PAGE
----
Dedicated to covering the visual arts community in Connecticut.

Sunday, September 24, 2006

The spirit is willing (but the tech is weak)

The Episcopal Church of St. Paul and St. James
57 Olive St. (at Chapel St.), New Haven, (203) 562-2143
Joseph Higgins: Still Small Voice

In the twilight hour leading up to Joseph Higgins' installation/performance Still Small Voice at the Episcopal Church of St. Paul and St. James, the church was dark. The fading outdoor light still filtered through the stained glass windows lining the balcony area. The audience's anticipation was heightened through the sensory combination of churchy smells—the cushions, the wood of the pews—and New Age piano arpeggios filling the nave as Higgins tested his keyboard. In the 15 minutes leading up to the performance, he set a mood by noodling at the synth, producing string tones (airy violins, guttural cellos), piano notes, pads, drones that took flight on wings of digital delay.

Introducing the piece, Higgins described it as "abstract art."

"What you bring to the work in terms of imagination and feeling and emotions, how you interact with the art is where the experience is," he said.

In front of the altar, Higgins had set up a screen for video and slide projections. To either side of the screen stood tall light sculptures. Inside the glass of the rectangular columns were twists of ultra bright yellow nylon fabric. The outside was wrapped in clear cyan proofing sheets. In the foreground on either side were black stands about three feet tall on top of which Higgins had placed long light boxes. On the glass on top of the boxes were set dozens of clear small glasses partially filled with emerald-green liquid. Truncated wedge-like panels, painted white, were set as backdrops above the light boxes. Similar set-ups, minus the three-foot stands, were situated slightly behind and to either side of the screen.

A combination of auditory and visual stimuli, Still Small Voice lasted a little over half an hour. It began in darkness with a recorded piano reverie, playing through the P.A. In this first movement, the predominant visual element was the dusky white rectangle of the screen. It was fitting to start with the audience contemplating the emptiness of the blank slate.

In the second movement, light started to glow in the two front light boxes. Refracted through the liquid, the light cast soft green-tinted shadows and shapes on the panels. In short order, the two light boxes to the rear were activated, subtly raising the illumination. The column to the right of the screen was gradually lit, and then that to the left.

A video performance, "She Draws the Light," dominated the fourth movement. The footage was shot through clear plastic sheeting that swayed and flickered with bursts of reflected light. A robed figure moved around a set, using a pitcher to pour green liquid into the small glasses. The scenario had the feel of an obscure religious ritual.

Manipulated slides were the focus of the fifth movement, "Transition." Many of the images were shot at trainyards or industrial locations (in Providence, Rhode Island, Higgins told me after the performance). The scenes, devoid of a physical human presence, were ruptured by fiery orbs and ovals of light. My reaction was that the imagery was akin to the effect of film burning up while a movie is being shown. And, in fact, the slides were burned with a lighter. There was the suggestion of transition, of the expunging of the existing world to clear the way for something new to be born.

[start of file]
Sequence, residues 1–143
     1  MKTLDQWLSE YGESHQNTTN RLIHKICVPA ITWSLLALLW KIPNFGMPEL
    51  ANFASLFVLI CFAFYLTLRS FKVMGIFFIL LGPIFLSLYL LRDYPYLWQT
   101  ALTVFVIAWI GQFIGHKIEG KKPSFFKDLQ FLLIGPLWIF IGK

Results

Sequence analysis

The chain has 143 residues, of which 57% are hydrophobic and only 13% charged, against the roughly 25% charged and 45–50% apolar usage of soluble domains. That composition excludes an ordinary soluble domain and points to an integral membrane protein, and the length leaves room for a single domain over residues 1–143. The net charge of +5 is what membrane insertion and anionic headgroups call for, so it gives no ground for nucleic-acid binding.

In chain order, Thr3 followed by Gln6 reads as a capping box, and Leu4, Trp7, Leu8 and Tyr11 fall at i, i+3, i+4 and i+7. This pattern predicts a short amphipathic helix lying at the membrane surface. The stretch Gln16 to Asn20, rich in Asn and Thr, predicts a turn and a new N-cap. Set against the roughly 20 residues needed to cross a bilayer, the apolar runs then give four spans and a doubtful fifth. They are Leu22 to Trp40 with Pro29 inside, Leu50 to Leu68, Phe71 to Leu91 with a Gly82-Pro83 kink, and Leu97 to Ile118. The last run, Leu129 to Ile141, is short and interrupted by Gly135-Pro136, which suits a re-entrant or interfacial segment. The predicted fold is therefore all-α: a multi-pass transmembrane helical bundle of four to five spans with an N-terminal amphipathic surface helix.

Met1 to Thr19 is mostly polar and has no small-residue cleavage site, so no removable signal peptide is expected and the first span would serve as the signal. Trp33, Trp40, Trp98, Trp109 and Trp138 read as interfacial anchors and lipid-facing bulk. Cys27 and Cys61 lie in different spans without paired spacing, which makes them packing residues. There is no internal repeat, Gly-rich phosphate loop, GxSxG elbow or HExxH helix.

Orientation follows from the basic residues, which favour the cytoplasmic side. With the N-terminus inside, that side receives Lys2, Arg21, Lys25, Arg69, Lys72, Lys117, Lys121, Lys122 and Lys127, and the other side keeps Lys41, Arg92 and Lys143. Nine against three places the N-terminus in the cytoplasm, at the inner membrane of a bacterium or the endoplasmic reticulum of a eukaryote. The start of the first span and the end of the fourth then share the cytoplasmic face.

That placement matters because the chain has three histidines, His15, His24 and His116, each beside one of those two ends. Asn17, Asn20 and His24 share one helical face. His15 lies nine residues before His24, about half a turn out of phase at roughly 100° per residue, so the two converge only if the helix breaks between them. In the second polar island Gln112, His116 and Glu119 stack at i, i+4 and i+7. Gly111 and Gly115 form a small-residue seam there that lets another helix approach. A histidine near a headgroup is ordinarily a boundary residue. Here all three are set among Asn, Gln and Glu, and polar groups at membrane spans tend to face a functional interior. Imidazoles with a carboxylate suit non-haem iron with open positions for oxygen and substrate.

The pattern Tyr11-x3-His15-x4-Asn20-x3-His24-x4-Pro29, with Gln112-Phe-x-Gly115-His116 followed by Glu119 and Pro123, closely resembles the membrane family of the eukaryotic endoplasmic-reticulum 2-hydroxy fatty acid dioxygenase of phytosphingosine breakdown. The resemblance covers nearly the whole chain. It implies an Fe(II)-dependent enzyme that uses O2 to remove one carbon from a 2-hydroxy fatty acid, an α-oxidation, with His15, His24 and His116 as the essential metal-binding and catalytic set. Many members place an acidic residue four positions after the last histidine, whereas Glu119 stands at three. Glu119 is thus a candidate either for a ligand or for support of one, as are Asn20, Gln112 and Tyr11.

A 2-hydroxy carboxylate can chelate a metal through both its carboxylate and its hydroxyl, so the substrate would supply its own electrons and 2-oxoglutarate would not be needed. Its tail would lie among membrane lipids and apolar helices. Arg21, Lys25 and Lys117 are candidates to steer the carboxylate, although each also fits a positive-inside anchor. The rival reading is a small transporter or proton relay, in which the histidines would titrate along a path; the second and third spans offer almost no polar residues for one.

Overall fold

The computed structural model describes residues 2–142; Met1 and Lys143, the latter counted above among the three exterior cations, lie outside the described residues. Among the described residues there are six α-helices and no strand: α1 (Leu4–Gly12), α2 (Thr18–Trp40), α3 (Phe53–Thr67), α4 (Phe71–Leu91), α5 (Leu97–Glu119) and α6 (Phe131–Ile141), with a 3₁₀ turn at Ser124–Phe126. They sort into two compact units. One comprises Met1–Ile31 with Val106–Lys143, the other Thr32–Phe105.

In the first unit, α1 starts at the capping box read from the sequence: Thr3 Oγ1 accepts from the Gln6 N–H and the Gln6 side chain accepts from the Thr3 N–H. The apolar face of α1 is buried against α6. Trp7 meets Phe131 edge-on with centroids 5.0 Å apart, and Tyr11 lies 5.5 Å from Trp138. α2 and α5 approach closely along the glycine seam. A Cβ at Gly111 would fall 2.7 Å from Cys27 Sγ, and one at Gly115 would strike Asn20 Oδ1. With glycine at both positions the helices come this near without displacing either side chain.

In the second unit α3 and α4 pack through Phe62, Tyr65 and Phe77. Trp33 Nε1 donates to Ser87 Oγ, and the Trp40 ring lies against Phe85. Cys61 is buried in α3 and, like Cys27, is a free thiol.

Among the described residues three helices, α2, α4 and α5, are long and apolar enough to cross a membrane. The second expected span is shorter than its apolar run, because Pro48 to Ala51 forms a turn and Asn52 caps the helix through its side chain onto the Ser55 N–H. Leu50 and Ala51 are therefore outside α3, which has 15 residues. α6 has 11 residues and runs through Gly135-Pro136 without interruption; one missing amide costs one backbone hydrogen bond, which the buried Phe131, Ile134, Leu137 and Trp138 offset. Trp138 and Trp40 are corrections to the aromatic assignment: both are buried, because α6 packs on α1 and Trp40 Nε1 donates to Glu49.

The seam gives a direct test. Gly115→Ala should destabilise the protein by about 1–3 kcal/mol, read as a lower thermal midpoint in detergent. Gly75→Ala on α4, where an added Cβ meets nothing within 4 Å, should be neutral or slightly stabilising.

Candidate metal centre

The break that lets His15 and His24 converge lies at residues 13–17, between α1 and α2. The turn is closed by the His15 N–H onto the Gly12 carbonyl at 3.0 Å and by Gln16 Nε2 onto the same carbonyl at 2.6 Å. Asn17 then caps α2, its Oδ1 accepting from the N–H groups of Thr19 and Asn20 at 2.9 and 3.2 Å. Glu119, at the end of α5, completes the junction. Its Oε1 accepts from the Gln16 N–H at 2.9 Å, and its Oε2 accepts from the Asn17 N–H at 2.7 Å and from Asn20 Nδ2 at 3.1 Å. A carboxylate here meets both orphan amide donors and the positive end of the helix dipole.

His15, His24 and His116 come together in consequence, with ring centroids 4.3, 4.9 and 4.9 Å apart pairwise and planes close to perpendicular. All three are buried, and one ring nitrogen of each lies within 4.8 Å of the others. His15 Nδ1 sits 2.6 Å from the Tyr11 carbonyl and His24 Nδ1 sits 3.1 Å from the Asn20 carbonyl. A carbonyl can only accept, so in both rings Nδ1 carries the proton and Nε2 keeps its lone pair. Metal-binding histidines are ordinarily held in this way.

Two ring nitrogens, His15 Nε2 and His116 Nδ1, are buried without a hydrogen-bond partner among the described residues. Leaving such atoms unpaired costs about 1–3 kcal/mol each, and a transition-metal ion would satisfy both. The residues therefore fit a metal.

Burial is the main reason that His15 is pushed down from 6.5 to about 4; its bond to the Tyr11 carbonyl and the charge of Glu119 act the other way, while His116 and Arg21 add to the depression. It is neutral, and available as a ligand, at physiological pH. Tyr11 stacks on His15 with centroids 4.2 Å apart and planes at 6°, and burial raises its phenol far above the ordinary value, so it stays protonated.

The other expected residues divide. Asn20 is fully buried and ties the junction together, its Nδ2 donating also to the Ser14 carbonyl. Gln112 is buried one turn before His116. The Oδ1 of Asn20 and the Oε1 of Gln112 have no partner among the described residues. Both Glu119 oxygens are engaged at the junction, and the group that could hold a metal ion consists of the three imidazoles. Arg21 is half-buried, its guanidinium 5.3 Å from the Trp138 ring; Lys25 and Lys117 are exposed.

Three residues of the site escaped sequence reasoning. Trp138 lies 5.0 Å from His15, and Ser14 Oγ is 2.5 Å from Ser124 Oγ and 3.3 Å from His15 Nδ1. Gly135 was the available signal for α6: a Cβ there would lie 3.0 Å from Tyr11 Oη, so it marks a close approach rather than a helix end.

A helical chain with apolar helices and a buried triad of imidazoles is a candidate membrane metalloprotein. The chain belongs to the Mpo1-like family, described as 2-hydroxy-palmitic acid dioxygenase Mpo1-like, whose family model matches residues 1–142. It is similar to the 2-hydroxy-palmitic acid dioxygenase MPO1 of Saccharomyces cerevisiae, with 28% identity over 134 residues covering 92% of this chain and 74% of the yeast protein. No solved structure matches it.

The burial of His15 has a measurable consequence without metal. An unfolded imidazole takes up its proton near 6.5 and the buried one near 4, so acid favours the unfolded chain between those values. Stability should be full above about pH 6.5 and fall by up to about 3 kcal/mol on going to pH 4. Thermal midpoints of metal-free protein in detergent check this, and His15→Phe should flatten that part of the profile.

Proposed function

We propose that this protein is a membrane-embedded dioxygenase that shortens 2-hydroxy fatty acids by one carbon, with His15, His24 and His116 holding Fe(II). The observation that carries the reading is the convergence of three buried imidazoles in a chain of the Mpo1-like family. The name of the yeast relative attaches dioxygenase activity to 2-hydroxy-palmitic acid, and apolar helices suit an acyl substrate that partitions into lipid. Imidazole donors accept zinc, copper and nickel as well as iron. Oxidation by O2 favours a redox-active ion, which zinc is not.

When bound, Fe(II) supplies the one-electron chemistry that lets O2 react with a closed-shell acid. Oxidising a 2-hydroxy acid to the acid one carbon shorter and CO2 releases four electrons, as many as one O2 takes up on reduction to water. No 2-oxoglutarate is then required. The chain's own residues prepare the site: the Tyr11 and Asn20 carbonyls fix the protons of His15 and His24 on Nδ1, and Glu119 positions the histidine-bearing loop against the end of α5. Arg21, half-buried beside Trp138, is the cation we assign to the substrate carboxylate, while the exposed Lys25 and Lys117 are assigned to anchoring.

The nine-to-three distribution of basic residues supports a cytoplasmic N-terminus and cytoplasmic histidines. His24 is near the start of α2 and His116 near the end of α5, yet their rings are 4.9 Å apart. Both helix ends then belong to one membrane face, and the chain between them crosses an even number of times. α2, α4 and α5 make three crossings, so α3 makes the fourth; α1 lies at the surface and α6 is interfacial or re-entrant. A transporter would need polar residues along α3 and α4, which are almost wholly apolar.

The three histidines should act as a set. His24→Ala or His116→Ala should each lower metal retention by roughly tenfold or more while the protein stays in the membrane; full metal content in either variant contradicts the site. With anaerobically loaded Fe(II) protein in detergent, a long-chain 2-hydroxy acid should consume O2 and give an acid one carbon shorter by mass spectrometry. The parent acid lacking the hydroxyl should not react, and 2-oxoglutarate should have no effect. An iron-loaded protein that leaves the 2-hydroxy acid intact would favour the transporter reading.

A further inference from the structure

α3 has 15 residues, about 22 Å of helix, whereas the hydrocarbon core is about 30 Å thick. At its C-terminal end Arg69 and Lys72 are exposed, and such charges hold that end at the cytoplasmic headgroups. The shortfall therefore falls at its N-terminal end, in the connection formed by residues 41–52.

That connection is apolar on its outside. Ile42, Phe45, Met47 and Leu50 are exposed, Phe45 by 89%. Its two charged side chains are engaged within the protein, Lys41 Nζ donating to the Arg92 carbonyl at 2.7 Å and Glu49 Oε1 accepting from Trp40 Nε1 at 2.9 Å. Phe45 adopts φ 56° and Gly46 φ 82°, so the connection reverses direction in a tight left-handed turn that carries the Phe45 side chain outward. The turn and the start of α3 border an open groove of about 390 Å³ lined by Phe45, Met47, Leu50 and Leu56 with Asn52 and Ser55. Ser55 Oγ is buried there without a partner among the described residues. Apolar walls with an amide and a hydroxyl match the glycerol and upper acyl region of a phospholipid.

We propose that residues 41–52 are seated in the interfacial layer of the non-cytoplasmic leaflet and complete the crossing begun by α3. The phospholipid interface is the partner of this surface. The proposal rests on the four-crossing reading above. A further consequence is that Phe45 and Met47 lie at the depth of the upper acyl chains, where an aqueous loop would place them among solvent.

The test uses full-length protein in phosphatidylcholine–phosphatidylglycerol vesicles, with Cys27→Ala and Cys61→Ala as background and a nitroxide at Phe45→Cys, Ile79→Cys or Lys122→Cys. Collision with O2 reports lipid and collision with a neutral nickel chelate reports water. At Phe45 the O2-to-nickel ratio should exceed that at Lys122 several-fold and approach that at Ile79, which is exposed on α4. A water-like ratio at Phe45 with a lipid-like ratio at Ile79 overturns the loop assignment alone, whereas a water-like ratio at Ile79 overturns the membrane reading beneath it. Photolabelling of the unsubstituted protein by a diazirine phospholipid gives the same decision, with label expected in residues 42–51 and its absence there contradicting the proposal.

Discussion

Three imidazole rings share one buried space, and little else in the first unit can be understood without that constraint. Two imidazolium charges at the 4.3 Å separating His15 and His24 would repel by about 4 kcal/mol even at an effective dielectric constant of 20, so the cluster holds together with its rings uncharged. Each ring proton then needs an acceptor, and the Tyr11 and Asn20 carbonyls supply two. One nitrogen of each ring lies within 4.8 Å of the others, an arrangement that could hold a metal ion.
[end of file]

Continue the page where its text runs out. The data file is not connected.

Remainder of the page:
That new world flowered in front of us with "Ascendance," the final movement. Details from Higgins' paintings were projected. Painted on ceramic tiles in a process of Higgins' own creation, they were characterized by swirling abstract imagery. Each image remained onscreen for an extended period of time, long enough for the viewer to be almost forced to invest imaginative energy in contemplating them. I saw strange animal-like figures, flesh and bone, clouds of darkness being dispersed by explosions of red, yellow and white light. The universe-creating Big Bang came to mind.

And then it was over. (Or had it just begun?)

Still Small Voice was an ambitious undertaking. Higgins' score was effective in setting a mood without being disruptive or intrusive. The physical set-up was creative, although it might have benefited had it been less symmetrical. The imagery and video were evocative.

It wasn't, however, an unqualified success. There were two sets of problems, the first technical and the second aesthetic.

On the technical front, it became obvious, when Higgins was playing prior to the performance's start, that the P.A. could not handle a reasonable volume from the keyboard. It would crackle and clip at the peaks. This necessitated turning down the volume to a level that allowed sounds from the street to intrude on the performance. More distracting were computer glitches that occurred at the beginning of "Transition." It was not a smooth transition when an onscreen cursor and then the Windows desktop interrupted the flow of the imagery. Fortunately, the computer issues were straightened out and didn't recur.

From an aesthetic standpoint, I felt that the disparate elements never cohered into a unified experience. The music and projections dovetailed nicely. But once the projections began, the other element of the installation—the light sculptures—seemed orphaned, un-integrated into the overall gestalt. And the conclusion was unsatisfying. The audience only knew it was over because Higgins got up from his keyboard.

Yet, even if Higgins' ambition somewhat exceeded his grasp, Still Small Voice was a rewarding event. As Higgins said to intro it, abstract art asks the viewer to invest creative effort of their own. And in this mixed media installation, there was plenty of material worthy of that effort.


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